Beechey Island is a scarcely protected cove, and on the day that we landed it was grey with the wind shrilling across the water. There was only stone scree and rocky cliffs, not even the low mosses that grow in other places. The grave markers were originally in stone. Then, the originals were replaced by fibreglass replicas in fear of the originals being stolen. Now, the ones which stood very erect and straight over the grave sites were nondescript markers identifying the dead in a modern script. They could have been from a modest grave anywhere in Mount Pleasant cemetery. The replicas were likely stolen because they resembled the originals, and therefore the replacements deliberately lacked character. Souvenir snatching knows no bounds. There was little to see in this place which provided some of the few remnants of the elaborate Franklin Expedition. This lack of visible evidence compelled Victorian society to speculate desperately about the fate of the expedition. Lady Franklin championed first the search for her disappeared husband, and when it was obvious that he and his crew must be dead, the search for their remains. She railed against evidence pointing to cannibalism amongst the crew. Later, however, recovered notes indicated that Franklin had died well before the desperate end. As Margaret Atwood pointed out, it was essential to Lady Franklin that her husband was not a cannibal, "Otherwise he wouldn't have been a hero, he would have been a chef."

Even today, there is an ongoing Canadian-Irish expedition which is pulling magnetometers over the ice off King William Island, hoping to find the Terror and Erebus preserved in those cold waters.

As we sailed from Beechey Island, sea ice began to appear ahead of the ship. The ice pans were broken and jagged. Mostly they were flat, but in some places they were upright in spires and peaks.

The plan was to reach Port Leopold, on Somerset Island. That night, the Russian sailors moved back and forth on the bridge between the panels of controls, talking briefly to one another. On the radar screen, I could see that we were almost surrounded by ice. The path of the ship was traced on the monitor, and in a wide arc I could see that the ship was now heading back in the same direction from which it had come. We had been sailing for an opening in the ice pans which had closed in the time it had taken to reach this place. With that passage now gone, the ship was turning away from a field of ice that was thickening around us. At times, a hollow clanking would ring out as the ship hit ice and pushed it to one side. A small balcony jutted from each side of the bridge further than the edge of the ship's hull, and from time to time one of the sailors would walk quickly out to this balcony and see how close the hull was passing to the grey shapes of ice.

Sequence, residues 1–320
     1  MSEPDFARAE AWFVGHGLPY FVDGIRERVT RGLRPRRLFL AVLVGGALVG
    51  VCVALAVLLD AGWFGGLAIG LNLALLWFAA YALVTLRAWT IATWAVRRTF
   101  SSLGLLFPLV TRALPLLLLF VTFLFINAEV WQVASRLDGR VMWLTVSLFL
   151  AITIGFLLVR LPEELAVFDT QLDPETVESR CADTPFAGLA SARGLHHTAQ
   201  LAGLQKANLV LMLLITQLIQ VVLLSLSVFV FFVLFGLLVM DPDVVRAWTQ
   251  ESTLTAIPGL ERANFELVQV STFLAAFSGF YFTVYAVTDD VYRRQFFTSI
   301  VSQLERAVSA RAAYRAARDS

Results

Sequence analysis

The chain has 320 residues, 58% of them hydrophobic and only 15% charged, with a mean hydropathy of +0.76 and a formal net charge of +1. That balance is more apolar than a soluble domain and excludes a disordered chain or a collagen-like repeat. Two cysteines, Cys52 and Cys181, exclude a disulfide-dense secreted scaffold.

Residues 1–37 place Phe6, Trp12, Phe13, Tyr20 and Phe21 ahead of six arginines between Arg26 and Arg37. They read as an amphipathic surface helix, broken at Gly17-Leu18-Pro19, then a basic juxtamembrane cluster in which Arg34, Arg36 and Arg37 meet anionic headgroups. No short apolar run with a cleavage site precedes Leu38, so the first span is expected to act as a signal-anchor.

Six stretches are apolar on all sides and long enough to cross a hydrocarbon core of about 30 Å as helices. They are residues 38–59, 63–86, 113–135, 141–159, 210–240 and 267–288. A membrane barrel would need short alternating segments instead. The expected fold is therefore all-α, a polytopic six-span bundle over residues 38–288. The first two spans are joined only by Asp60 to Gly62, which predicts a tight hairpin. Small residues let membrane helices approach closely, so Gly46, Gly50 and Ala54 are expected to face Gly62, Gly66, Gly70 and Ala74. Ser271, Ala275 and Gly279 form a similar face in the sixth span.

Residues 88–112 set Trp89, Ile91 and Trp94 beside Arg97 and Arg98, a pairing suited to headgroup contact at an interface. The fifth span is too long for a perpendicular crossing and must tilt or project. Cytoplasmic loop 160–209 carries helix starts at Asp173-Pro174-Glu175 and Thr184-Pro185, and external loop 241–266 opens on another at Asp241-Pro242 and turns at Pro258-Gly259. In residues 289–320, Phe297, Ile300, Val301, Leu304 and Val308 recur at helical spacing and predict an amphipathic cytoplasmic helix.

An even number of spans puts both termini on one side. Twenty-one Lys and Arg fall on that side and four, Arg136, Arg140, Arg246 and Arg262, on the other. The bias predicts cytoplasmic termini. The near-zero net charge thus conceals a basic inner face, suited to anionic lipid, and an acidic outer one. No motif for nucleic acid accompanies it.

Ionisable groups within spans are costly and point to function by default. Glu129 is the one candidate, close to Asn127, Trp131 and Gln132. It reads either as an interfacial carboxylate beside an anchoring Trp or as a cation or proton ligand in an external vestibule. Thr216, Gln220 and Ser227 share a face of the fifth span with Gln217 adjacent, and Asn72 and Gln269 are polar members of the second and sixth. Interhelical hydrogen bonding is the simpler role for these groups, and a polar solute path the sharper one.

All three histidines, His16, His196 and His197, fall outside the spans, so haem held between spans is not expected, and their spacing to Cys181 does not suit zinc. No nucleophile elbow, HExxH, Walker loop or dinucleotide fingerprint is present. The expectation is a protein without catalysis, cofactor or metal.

We were not able to reach Port Leopold. I was quietly glad that we were stalled. It would have been too easy. For the Inuit, this was a landscape which provided for their sustenance but was a hard place that required all their survival knowledge. For the European explorers of the 19th century, this was a land of desired discovery and often horrific failure. It would feel wrong for us to be able to casually sail into every place which we desired. We had already been blessed with fantastic sailing seas almost each day. I was quietly relieved that the weather had decided that we would not enter Port Leopold, hopefully saving us somewhat from the error of pride in our travel.

Instead, we went out in the zodiacs to the sea ice and walked on the floes. Like little tropical birds in our Gore-Tex feathers, we pecked at everything with our cameras, and posed with puffed-out chests standing on the edge of this momentarily stable raft of translucence and cold. Just like such birds, we would die very shortly if our protective cage – the Akademic Ioffe, were to forget us on these drifting ices. Feeling safe with the noses of the Zodiacs pulled up on the edge of the ice and their engines idling, some passengers made snow angels on the granular surface of the ice floes. Others played ping-pong on the ice until one of the paddles was accidentally stepped on and broken. The mures and the fulmars wheeled in the air at the edge of the water. Several of them snatched and dove for the pieces of fish they had torn apart which floated on the surface of the water nearby.

A traditional Inuktituk poem translated into English reads,

The curiosity of a child has no limits. It's the same yesterday as now.
A flood of questions.
What are you doing? Are you happy? How far have you come?

Explore photographs from Vincent's journeys to the Arctic and Antarctic